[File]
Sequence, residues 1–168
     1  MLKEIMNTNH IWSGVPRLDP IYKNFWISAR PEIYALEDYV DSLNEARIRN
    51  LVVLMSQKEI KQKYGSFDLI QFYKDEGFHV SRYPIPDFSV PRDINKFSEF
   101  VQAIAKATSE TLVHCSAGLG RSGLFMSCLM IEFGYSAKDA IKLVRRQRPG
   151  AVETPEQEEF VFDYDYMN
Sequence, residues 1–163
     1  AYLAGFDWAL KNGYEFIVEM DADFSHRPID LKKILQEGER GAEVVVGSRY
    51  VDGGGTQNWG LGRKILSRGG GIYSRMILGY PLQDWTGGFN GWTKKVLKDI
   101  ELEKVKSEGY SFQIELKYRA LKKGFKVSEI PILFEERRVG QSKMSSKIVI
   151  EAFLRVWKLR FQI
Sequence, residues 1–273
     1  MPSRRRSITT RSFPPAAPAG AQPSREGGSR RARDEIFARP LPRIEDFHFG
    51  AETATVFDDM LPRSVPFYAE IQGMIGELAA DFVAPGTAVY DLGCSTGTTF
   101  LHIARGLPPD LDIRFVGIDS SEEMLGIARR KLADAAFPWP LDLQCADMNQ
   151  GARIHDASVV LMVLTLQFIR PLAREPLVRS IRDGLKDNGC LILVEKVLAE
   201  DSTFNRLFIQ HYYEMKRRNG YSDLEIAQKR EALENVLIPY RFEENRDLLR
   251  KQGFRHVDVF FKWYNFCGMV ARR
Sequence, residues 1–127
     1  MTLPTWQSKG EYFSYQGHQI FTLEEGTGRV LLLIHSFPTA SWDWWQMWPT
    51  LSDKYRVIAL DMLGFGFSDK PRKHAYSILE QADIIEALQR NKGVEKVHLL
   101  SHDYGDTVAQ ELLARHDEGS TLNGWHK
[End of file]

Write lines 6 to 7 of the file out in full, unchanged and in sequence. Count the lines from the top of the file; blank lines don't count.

Sequence, residues 1–163
     1  AYLAGFDWAL KNGYEFIVEM DADFSHRPID LKKILQEGER GAEVVVGSRY